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Good News and Bad on Curing Traffic Congestion
Erica Barnett, 11 Sep 07
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First, the bad news: As Alan Durning at Sightline reports, cities are increasingly applying state-authorized rental car taxes to car-sharing services. Here in Seattle, those who belong to my beloved Flexcar (or any future carsharing services that pops up) will have to pay the state rental tax of 9.7 percent starting October 1, 2007 -- bringing the total car tax to nearly 19 percent. This is a huge and unfair burden on those who have made the often difficult and inconvenient choice to live without a personal car, or owning a second one. Chicago, among a handful of other US cities, also taxes carsharing services.

The logic behind taxing a rental car is this: Rental cars, like hotels, are mostly used by people from out of town, people who don't vote or spend their tax dollars locally. It’s a relatively uncontroversial way of funding city services, (primarily convention and visitor services).

Carsharing is different from renting because it produces quantifiable benefits. Because carsharing is an alternative to owning a car, rather than an augmentation of car ownership, it takes cars off the road, reduces congestion, and reduces the total number of vehicle miles traveled in a city. And by enabling a reduction in the total number of cars in a city, carsharing lessens the air pollution burden created by cars.

With all that carsharing gives back, taxing people for using it is patently unfair. In my county, Flexcar users have begun a petition to reinstate the carsharing exemption to the rental tax. if the petition is successful, perhaps leaders in other states will get the message that carsharing should be encouraged -- not penalized.

Second, the mixed news: As reported in The New York Times a few weeks ago, the US Department of Transportation can't decide whether it wants to encourage or discourage people from driving. In August, the department seemed to imply the latter, announcing $848 million in grants to cities trying solve congestion probelms by getting people out of their cars and onto mass transit -- in many cases by imposing tolls or fees. At the same time, however, Congress continued to support a tax break that offsets part of the cost of driving to work, which saves drivers millions of dollars a year. This US tax law provision allows drivers to spend up to $215 a month in pre-tax wages on parking at work, and saves some drivers more than $1,000 annually.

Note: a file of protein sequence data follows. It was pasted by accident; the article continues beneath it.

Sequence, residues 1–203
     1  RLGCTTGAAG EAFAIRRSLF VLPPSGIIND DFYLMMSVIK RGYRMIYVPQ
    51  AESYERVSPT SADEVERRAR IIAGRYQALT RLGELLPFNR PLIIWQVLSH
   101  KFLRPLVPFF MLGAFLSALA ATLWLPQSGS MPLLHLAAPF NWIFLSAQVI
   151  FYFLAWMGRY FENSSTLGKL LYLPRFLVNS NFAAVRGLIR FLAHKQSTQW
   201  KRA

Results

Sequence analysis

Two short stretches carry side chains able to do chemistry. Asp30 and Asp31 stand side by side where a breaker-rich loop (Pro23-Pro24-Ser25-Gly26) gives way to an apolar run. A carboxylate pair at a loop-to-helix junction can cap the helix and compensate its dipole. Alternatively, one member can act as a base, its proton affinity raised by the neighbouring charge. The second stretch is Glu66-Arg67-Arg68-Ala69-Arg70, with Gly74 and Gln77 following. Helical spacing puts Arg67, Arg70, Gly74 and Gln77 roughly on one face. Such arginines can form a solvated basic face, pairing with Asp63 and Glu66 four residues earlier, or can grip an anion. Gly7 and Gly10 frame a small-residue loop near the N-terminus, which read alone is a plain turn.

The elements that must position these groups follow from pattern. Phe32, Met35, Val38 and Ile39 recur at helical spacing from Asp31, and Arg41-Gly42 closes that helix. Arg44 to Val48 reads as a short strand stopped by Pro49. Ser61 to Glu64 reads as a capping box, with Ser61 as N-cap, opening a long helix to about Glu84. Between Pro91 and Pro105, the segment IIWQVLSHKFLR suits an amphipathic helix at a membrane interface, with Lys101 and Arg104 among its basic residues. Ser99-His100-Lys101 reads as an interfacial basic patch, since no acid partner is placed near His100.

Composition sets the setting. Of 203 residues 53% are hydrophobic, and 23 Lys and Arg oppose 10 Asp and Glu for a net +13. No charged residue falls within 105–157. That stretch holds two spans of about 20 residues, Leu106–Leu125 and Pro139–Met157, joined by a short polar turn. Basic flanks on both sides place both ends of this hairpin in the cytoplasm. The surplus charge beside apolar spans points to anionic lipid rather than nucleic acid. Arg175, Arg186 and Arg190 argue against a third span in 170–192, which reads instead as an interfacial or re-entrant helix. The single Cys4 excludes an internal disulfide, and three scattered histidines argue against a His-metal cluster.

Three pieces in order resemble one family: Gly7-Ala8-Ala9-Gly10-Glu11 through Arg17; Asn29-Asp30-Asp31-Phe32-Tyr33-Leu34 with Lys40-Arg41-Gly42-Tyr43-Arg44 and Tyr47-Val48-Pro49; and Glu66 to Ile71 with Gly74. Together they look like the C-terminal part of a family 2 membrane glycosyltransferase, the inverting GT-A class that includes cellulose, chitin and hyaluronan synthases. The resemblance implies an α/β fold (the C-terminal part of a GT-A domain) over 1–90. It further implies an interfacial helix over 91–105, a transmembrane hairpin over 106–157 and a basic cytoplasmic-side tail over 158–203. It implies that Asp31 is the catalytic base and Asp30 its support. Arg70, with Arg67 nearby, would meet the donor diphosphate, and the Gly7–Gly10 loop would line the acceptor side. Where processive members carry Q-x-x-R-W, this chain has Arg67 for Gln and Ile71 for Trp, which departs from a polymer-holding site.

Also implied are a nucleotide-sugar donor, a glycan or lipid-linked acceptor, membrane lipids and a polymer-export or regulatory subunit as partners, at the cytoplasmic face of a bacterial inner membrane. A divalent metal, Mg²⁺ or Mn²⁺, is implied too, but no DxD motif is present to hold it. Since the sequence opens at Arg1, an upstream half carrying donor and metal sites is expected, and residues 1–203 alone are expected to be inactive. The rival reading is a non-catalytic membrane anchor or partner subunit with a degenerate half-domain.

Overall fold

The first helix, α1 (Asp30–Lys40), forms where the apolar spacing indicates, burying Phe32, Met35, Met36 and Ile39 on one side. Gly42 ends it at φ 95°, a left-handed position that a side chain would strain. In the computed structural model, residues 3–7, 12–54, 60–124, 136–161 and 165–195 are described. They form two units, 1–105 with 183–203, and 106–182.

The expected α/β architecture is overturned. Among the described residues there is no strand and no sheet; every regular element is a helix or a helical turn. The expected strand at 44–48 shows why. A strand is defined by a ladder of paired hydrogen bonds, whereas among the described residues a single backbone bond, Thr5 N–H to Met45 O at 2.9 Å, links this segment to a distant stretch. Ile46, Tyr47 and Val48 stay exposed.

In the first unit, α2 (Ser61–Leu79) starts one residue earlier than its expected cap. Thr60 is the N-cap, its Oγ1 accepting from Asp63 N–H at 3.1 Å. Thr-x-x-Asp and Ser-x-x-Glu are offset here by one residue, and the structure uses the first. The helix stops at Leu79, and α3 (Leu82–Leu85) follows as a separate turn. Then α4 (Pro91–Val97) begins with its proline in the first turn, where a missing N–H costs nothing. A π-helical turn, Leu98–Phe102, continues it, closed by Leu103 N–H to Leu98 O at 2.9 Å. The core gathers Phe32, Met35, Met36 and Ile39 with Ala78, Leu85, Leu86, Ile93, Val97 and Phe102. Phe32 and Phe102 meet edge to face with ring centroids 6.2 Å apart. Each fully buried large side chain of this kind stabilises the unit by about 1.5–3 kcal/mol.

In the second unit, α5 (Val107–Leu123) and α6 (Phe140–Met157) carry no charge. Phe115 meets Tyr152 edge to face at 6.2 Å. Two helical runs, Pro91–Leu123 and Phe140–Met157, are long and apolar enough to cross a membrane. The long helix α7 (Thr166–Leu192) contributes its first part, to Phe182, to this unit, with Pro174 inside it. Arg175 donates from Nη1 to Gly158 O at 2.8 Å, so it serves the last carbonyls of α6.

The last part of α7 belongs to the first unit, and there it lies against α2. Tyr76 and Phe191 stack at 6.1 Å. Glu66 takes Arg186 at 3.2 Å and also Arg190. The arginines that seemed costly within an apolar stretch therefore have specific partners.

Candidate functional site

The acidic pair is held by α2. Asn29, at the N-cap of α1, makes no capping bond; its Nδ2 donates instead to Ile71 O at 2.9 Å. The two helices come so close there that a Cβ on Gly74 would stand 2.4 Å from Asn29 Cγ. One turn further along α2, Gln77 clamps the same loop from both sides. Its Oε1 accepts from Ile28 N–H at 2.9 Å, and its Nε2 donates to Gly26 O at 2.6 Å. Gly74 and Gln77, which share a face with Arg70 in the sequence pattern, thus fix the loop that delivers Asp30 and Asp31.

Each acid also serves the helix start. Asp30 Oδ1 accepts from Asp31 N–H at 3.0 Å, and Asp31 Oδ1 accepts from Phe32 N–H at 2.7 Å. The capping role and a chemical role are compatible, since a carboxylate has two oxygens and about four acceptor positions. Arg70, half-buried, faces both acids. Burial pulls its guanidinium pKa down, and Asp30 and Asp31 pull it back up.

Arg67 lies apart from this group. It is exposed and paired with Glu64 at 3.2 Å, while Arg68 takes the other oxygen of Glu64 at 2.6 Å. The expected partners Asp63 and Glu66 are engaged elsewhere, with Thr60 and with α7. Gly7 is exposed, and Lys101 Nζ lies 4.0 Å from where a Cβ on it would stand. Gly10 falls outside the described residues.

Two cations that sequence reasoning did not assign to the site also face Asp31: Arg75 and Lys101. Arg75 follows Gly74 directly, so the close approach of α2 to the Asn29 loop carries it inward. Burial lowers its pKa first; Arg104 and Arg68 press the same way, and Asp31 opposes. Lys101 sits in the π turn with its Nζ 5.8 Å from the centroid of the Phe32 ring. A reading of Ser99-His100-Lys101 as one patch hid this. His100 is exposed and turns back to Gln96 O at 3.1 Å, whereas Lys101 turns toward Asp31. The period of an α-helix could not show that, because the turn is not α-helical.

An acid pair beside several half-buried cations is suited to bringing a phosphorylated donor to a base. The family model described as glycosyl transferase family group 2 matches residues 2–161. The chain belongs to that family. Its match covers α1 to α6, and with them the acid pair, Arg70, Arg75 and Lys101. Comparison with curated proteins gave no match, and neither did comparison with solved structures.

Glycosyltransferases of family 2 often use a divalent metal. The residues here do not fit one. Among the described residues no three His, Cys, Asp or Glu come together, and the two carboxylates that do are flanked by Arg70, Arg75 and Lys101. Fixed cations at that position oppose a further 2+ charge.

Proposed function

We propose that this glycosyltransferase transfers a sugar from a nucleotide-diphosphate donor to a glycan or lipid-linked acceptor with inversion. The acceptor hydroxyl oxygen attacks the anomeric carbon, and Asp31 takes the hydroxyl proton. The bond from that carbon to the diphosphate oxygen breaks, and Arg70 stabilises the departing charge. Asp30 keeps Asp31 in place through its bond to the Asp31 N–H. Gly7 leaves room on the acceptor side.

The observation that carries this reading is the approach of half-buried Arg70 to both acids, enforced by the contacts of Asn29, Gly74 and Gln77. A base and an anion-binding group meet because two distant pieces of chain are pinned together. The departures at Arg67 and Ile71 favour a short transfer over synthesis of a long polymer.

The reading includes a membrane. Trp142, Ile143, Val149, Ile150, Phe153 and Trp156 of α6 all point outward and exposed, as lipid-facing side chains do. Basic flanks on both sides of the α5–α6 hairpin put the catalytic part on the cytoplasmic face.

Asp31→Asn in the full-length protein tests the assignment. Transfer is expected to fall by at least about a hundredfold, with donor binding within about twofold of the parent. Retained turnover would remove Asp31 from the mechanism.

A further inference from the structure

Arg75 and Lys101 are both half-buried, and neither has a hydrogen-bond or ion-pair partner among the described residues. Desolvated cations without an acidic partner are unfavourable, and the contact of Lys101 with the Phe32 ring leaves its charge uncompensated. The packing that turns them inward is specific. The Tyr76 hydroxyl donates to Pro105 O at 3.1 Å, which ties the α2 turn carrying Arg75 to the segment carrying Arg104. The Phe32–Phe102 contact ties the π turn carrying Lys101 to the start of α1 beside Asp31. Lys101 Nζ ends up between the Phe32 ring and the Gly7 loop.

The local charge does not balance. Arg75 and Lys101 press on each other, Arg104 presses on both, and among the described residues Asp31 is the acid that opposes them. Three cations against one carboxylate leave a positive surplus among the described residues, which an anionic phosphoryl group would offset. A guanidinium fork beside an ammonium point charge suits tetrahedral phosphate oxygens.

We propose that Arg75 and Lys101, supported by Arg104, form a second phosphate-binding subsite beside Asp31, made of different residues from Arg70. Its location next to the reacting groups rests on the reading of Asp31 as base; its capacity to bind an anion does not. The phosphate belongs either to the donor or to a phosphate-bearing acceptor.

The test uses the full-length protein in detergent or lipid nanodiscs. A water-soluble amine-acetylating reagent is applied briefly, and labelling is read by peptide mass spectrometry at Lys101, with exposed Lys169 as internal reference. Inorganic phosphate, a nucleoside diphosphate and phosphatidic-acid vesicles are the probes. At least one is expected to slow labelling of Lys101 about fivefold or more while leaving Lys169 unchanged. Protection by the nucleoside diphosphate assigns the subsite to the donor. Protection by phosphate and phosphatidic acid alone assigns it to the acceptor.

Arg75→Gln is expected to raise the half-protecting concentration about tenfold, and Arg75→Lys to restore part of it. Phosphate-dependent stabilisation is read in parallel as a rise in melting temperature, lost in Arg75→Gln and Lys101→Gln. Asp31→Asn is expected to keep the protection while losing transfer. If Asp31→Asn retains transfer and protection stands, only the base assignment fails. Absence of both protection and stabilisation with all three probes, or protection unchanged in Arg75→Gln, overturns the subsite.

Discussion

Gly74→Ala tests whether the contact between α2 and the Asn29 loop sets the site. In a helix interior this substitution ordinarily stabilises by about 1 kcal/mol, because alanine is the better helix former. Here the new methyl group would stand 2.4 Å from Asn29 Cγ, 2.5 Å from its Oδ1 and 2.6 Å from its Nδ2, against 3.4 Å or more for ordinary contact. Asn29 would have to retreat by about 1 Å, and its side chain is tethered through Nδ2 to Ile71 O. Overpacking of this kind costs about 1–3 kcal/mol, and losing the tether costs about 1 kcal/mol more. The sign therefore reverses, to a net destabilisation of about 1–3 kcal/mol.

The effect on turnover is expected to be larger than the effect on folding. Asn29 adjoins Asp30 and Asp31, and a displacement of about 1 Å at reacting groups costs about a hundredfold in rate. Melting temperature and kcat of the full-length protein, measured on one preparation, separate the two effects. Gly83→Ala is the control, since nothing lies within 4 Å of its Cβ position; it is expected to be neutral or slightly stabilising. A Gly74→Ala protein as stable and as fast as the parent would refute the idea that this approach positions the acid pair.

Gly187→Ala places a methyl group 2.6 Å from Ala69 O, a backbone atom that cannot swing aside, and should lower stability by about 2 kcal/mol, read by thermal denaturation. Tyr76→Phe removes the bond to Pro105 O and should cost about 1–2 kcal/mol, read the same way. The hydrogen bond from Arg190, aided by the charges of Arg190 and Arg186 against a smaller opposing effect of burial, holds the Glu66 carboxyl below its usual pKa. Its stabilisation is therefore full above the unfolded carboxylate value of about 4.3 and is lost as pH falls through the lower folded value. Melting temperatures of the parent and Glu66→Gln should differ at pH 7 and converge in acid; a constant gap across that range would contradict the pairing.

Finally, the good news: Starting next year, London mayor Ken Livingstone plans to triple the London congestion tax to $50 a day for SUVs, as well as cars over a certain engine size. (A handy guide to the emissions produced by various cars can be found here.) Livingstone also plans to eliminate a tax exemption for residents, meaning that some Londoner's taxes could increase from $350 to $10,000 a year. Outside London, the suburb of Richmond recently increased the annual parking fee for SUVs to $600, the same amount SUV drivers must pay annually in national vehicle taxes. The new taxes are already paying dividends: the market for lower-emissions vehicles has doubled this year. It's further proof that simple economic incentives, and disincentives, are sometimes the most effective solutions.

Image: flickr/malingering

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Comments

The USDoT does seem to want to get people out of cars - they're the ones funding cities to provide congestion relief. The tax break you mentioned is Congress, it has nothing to do with DoT, and they can always be counted on to do the politically popular thing, right or wrong.


Posted by: justus on 11 Sep 07

"Because carsharing is an alternative to owning a car, rather than an augmentation of car ownership, it takes cars off the road, reduces congestion, and reduces the total number of vehicle miles traveled in a city. And by enabling a reduction in the total number of cars in a city, carsharing lessens the air pollution burden created by cars."

Not to sure of the reduction of miles or congestion just the number of different cars on the street, does help with parking in neighborhoods. Could reduce air pollution by providing a better maintained and fuel efficient fleet of cars. But agree that this should not be taxed!


Posted by: John on 12 Sep 07

Excellent post. As a flexcar member in Portland, OR, I can attest to many of the benefits cited in the post. I was able to sell my infrequently used pickup and downsize our family to one car because there is a flexcar pickup close to my house and I bike to work. Now there is one less full time car parked in our neighborhood. The flexcar pickup is probably in use about 50% of the time, so many others take advantage of it too.


Posted by: Ron on 14 Sep 07



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